“The reason the WEC ended up where it is, is that we had to make an additional pit lane. With the WEC and WeatherTech teams running back-to-back (race) events, one of the major challenges is being able to move the pit equipment from the main pits now to switch out from WEC to WeatherTech. There wasn’t enough time or room to set both series up with all their equipment for each car.
“So what the track has done is come up with an alternative pit lane, and now the WEC cars enter their pit lane off Turn 15, and it’s along the back straight right at their paddock. So, they are combined with their containers, tents, garages in pit lane all in one section. So they won’t have to move a mile or more getting back and forth. It is a tight knit little place.
“We always try to put IMSA in the Turn 17 area, so from there to the middle of the paddock for the WeatherTech series. Then we used to put…(what) is now the IMSA MICHELIN… Pilot Challenge series, the next group in. Then we were left with GT3 and IPC.
“Now, with WEC moving in, where they’re at, we’ve moved IPC teams in-between the WeatherTech and WEC. And now there’s a brand new paved area in between Turn 1 and 16, which is a large paddock just for the MICHELIN Pilot Challenge. Sebring calls it the ‘North Paddock.’”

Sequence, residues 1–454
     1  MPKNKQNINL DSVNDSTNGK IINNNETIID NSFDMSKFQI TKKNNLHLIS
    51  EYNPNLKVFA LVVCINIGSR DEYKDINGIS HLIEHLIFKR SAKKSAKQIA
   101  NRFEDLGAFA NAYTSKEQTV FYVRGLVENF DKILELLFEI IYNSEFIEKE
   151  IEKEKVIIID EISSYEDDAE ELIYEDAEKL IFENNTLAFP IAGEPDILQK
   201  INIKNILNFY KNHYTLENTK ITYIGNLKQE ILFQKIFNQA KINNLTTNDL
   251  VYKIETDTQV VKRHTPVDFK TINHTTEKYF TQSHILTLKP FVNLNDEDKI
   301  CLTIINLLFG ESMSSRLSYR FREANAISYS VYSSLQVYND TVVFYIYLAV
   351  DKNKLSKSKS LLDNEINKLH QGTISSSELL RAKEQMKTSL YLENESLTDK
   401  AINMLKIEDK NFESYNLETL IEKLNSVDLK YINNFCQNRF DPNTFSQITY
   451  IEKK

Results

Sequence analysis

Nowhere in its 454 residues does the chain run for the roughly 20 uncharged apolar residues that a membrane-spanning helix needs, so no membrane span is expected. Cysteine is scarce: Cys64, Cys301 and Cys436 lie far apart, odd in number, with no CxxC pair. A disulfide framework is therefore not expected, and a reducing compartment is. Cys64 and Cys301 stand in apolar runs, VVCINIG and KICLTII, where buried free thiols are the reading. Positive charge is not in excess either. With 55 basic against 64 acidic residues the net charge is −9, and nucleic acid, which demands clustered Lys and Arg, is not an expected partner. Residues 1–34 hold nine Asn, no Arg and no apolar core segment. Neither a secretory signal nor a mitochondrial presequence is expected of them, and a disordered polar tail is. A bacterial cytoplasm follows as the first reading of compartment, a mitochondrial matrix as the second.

SC: “The paddocks are separate, but Corvette Racing trailers have been allowed to be together at the east end of the IMSA paddock. We have an additional trailer to support the WEC effort.”
BON: “IMSA makes the decision on where we get parked in the paddock. At Sebring, IMSA usually puts the trucks together to make it easier on the team with the P3 and P2 cars. So IMSA has assured us we will park together at Sebring.”
What are some of biggest challenges or successes with the space or preparation for the weekend?
MS: “There always are challenges. I can probably say this has been the biggest challenge we have ever had. And that is due to the phenomenal car count that we both (IMSA and WEC) have, plus the support series. The MICHELIN Pilot Challenge series is growing daily. It changes with adding cars every other day, Jeff Smallwood (MICHELIN Pilot Challenge series manager) keeps adding more cars.
“You have to satisfy the fire marshal with all the fuel rigs and how they are set up, and the way the fuel is stored in the fuel compound. You have to make sure Michelin has enough space to work. And they have a 300 foot by 90 foot tent, which is one of the largest setups I’ve ever seen for this race. You need to account for Dunlop too for some WEC teams.”